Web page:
Category Archives: Authors S

It’s been a busy week…

I am nearly in possession of a newly rebuilt conservatory. The old one was single glazed and rotting away – you could see the outdoors at the corners of some windows where the wood was falling off. I managed to get a good deal to have all the glass replaced with UPVC, latest technology with the heat reflective glass on… Read more »

The Six Degrees of Separation Meme: Fever Pitch

Hosted each month by Kate at Booksaremyfavouriteandbest, this meme picks a starting book for participants to go wherever it takes them in six steps. This month’s starting point is: Fever Pitch by Nick Hornby Now although I adore Hornby, this is a football book, so I’m unlikely to read it although as soccer books go, this is the one I… Read more »

Three Short Takes

AnnaBookBel   February 18, 2017   4 Comments on Three Short Takes

The Wall by William Sutcliffe Although published as a YA title, and longlisted for the Carnegie Medal in 2014, this novel has crossover appeal – and should be required reading for anyone who wants to understand more about Palestine, Israel and the West Bank settlements. Thirteen-year-old Joshua lives in a town called Amarias in the ‘Occupied Zone’. One day, when he… Read more »

The Six Degrees of Separation Meme: Fates and Furies

Hosted each month by Kate at Booksaremyfavouriteandbest, this meme picks a starting book for participants to go wherever it takes them in six steps. (Here’s my one for last month.) This month the starting book is Fates and Furies by Lauren Groff. Fates and Furies is a novel I’ve yet to read. If you look at the reviews on Amazon, they’re extremely… Read more »

Two shorter reviews…

Girl in the Dark by Anna Lyndsey This account of a woman becoming afflicted by, and then having to live with extreme photosensitivity is completely harrowing, but suffused with dark humour. The author was enjoying life and had met the love of her life when she started to get burning sensations on her skin after screen-use and sun exposure, Soon… Read more »

Year end review #3: Books of the Year

At the time of writing, I’ve read 140 titles this year – a record and there’ll be some analysis of them in my year end stats post (I know you look forward to those 😉 ). 2016 may be an annus horribilus on the outside, but inside I’ve had my head stuck in a book for a fantastic year of… Read more »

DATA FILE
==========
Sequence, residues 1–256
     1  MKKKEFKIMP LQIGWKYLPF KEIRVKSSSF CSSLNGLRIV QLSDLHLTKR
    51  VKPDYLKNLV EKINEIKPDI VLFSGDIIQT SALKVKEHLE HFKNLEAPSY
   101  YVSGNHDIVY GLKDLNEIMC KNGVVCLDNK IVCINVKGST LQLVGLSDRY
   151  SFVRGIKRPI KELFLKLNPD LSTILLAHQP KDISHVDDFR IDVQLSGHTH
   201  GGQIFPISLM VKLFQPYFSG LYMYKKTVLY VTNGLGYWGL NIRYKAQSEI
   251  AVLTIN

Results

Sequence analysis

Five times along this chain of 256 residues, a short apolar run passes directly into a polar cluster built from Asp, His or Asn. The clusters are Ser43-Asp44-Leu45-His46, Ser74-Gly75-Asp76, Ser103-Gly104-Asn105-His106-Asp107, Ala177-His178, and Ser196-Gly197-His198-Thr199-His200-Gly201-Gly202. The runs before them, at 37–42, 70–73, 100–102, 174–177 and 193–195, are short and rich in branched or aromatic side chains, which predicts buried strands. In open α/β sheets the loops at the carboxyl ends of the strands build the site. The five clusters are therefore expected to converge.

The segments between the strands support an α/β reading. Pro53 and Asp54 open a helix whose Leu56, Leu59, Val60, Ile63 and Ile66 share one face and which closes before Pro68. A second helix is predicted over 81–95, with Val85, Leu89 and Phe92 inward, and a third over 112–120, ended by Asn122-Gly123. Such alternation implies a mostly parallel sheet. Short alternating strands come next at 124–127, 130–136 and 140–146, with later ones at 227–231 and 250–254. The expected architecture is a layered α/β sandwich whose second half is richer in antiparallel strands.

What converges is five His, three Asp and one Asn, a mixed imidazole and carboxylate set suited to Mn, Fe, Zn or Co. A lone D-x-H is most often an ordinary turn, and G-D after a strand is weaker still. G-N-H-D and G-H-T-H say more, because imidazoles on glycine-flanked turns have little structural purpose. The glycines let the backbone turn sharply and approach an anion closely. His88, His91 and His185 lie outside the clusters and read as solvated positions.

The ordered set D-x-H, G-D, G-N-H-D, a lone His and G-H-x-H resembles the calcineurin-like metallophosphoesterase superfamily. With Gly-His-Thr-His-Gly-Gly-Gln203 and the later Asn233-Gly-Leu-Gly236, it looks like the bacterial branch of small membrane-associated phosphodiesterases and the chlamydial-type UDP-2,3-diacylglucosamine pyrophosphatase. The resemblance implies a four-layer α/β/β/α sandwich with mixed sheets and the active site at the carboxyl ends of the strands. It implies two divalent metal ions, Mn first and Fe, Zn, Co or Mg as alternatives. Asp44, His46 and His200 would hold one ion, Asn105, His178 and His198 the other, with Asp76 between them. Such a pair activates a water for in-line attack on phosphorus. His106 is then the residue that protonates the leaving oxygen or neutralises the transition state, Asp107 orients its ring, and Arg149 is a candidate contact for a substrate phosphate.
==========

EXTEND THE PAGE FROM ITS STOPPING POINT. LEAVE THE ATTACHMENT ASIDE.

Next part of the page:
Weekend Bookishness

It’s been a busy month – and some, so I’m glad that school breaks up at the end of next week (although I have two or three more days work to do on the school magazine after that). However, part of that busy-ness has been the Christmas edition of Shiny New Books. In The Eds Discuss article, you’ll gather that… Read more »

The immigrants’ shattered American Dream…

Family Life by Akhil Sharma Imagine the excitement of going to America from Delhi to live. Even though life in India was comfortable and full of cricket, America is the dream destination for nine-year-old Ajay’s accountant father. First, his father went, found a job, set up home; then a year later, he sent one-way tickets for his wife and two… Read more »

A grown-up Parisian fin de siecle nightmare?

Mister Memory by Marcus Sedgwick I’ve been a fan of Sedgwick for years – He has primarily written for children and YA audiences until fairly recently. However, reading his YA novels as an adult has never disappointed, (see here, here, here, here and here – Yes, I am a big fan!). Now he is also writing for a different audience – his… Read more »

Shiny issue 12 published today

One of the reasons I’ve been quieter here, despite reading like mad is the number of books I’ve been reading and reviewing for the next issue(s) of Shiny New Books, and Issue 12 is published today! I’ve reviewed an eclectic mix of books for this issue, and would like to highlight the two non-fiction titles to you today: The Age… Read more »